Six Steps to Eliminate Conflict in the Workplace

Conflict resolution skills? What if there was no longer such a thing as conflict and confrontation but rather connection, creativity and collaboration?

Here’s a costly statistic. 92% of employees deal with conflict in the workplace, while 78% try to avoid it. This costs companies an estimated $359 billion annually, in the U.S. alone.

To successfully navigate and eliminate conflict, realize that it’s not you vs. them but you and them vs. the problem. Once you shift your mindset and ensure you’re coming from a heart-centered, collaborative place, follow these six steps so you never have to deal with confrontation again.

Six Steps to Navigate and Eliminate Conflict and Confrontation

1. Initiate the Conversation

2. Set positive intent.

3. Take ownership. Now you can do something about it.

4 Apologize.

5. Ask for help.

6. Request a conversation/relationship reset.

Here’s the coaching talk track to align and reset a difficult conversation and move to resolution not confrontation. ⭐

“What I want for you is to feel that I’m a resource to help you succeed. I was reflecting on our last conversation and I owe you an apology. I know the conversation didn’t go the way we wanted, so I want to apologize if I did anything that may have upset you or hurt our relationship.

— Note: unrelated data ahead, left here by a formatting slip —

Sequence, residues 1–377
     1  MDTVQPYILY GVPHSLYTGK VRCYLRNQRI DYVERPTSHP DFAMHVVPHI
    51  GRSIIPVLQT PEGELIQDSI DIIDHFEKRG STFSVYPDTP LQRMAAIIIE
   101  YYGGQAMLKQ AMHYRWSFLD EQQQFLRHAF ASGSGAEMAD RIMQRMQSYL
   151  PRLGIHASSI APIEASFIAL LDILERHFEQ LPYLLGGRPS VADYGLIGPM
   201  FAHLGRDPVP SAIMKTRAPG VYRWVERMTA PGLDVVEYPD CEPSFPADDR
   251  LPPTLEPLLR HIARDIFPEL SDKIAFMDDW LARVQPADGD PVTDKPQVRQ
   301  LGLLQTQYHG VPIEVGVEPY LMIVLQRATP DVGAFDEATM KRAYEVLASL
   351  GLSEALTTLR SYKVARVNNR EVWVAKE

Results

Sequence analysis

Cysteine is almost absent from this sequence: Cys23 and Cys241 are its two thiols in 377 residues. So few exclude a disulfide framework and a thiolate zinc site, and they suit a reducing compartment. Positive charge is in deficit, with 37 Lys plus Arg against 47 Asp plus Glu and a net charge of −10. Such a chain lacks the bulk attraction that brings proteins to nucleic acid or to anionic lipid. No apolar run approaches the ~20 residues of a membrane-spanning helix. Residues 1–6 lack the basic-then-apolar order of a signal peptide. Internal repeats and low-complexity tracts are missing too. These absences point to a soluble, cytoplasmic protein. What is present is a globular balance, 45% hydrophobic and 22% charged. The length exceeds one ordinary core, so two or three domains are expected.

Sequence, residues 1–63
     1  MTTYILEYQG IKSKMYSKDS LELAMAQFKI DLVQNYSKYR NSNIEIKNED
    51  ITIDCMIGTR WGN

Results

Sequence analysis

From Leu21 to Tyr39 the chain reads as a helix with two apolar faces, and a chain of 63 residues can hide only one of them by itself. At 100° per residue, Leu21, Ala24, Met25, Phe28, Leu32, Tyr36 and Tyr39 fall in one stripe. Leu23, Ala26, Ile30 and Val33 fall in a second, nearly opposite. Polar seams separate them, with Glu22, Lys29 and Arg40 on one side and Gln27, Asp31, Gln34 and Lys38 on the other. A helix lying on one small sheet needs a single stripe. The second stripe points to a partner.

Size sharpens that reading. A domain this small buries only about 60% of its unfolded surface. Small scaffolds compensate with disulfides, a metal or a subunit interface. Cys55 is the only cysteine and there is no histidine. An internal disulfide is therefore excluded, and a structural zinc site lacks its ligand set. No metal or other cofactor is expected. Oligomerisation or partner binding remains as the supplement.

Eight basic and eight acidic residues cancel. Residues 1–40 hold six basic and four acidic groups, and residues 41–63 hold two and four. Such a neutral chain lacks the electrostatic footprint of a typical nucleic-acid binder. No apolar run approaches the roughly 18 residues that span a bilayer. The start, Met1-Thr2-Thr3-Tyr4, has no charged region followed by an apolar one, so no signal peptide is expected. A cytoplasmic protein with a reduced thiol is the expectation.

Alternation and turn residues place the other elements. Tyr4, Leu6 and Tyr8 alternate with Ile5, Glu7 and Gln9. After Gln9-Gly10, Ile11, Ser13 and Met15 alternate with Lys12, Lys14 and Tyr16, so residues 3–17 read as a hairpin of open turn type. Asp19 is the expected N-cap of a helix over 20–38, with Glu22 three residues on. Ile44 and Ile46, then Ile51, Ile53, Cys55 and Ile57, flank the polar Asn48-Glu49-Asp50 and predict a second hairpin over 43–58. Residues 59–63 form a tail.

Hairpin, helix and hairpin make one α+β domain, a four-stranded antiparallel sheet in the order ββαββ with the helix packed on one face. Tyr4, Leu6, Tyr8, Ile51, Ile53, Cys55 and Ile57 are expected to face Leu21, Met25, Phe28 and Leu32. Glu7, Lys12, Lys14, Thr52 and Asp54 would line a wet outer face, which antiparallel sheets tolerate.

That’s why I could use your help. Let’s hit the reset button on our conversation/relationship and design it in a way that’s mutually beneficial so you can hit your goals and we can collaborate best.

Are you open to discussing how we can achieve this?”

Once you have buy-in around this conversation, here are questions to create positive departmental relationships.

1. I’d love to learn more about your role. Can you share more about what your role and responsibilities entail?
2. How is your performance measured? By what criteria?
3. What part of the work we collaborate on is most difficult/stressful/frustrating for you?
4. What do we need to do to work together in the most productive way?
5. If I need you, what’s your response time to avoid me putting more pressure on you?
6. How do you typically like to communicate?
7. How can I best support you in your role?
8. What can we do to maintain our positive relationship?
9. If we notice an issue or we’re reverting to toxic behavior, knowing our positive intent, can we come up with a way to communicate this without offending each other?

Remember that conflict is natural. While conflict isn’t fun it’s natural and sometimes a necessary part of work. When you deliver your message this way, there’s no longer such a thing as a difficult conversation.